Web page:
For felling trees there is usually authorization needed, and there is often a compensatory duty.
Nowadays there are many personal safety means to work with a chainsaw: multi-fiber trousers, helmet, face shield, hearing protection, gloves, shoes with steel toe. Use them. The several years without have damaged my hearing permanently and severely. Important: do not work alone, and make clear working agreements. The helper stays out of the reach of the saw and the falling tree.
Please note that the upper quadrant of the tip of the blade when rotating chain is a kickback zone. If you touch an object it kicks the saw upwards.

Forest management:”Where did you work before?”"In the Sahara.”"There are no trees anyway?”"Not anymore!”(JW Besouw)

Determine felling direction
Walk at a sufficient distance around the tree to assess which way the trunk leans, and where most of the weight of the branches is. Do not underestimate the wind. Work if there is (almost) no wind. Especially when there are leaves on the tree. If you count all the leaves together, you get a huge sail! And wind can change within a second a quarter of direction and of strength.
Look where other trees, (power) cables, buildings, fences, watercourses and empty space are. Span at a high tree with uncertain direction of fall or little Safety Area one or more guide ropes. If the tree is not too high you can throw an anchor in. (Yeees, with a rope on it..)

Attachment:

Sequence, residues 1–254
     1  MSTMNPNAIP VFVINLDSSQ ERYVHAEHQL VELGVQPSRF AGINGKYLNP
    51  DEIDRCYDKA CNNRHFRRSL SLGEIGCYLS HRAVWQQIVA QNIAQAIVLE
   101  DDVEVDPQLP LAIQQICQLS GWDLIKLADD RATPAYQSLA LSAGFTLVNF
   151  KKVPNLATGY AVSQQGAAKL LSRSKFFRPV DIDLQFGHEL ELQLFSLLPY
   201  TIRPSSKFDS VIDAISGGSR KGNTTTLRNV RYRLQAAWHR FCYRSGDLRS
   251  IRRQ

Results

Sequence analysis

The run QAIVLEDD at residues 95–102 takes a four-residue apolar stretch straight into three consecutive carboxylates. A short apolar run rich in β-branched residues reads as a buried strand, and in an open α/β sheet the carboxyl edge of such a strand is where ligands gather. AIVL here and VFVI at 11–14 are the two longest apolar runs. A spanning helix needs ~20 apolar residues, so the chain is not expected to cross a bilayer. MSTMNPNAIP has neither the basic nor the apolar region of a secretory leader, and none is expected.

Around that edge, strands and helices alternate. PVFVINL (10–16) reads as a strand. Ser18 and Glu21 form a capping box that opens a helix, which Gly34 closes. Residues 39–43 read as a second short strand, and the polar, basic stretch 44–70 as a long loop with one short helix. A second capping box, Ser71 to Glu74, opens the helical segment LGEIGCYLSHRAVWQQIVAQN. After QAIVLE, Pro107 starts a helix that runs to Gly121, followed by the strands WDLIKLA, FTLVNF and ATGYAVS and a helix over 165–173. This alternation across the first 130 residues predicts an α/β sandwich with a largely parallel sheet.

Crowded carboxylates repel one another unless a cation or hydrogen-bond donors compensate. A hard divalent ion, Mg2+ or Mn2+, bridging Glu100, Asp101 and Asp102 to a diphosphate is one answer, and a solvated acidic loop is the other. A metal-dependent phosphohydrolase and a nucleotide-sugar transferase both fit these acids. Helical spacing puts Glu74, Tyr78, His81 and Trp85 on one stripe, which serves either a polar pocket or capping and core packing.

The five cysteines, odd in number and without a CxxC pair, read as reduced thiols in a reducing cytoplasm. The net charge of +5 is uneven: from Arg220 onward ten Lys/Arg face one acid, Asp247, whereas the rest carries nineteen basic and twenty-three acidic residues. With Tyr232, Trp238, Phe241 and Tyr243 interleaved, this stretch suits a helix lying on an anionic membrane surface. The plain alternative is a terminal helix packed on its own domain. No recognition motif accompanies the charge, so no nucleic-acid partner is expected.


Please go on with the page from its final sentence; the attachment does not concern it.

If you attach a rope or chain with a loop or an anchor in the canopy, the fixed point should be on the extension of the rope to the center of the trunk. If it is aside, e.g. on the side of the trunk, or on a branch, the trunk will rotate around its axis, by drawing (when the hinge is (partially) cut through) so that the center of gravity of the tree changes and the direction of fall thus probably too.

For a small tree the helper can push with a long pole at the back (away from any retired saw). This is effective only just before the tree falls, sooner or later not (no longer). With feeling and timing it works.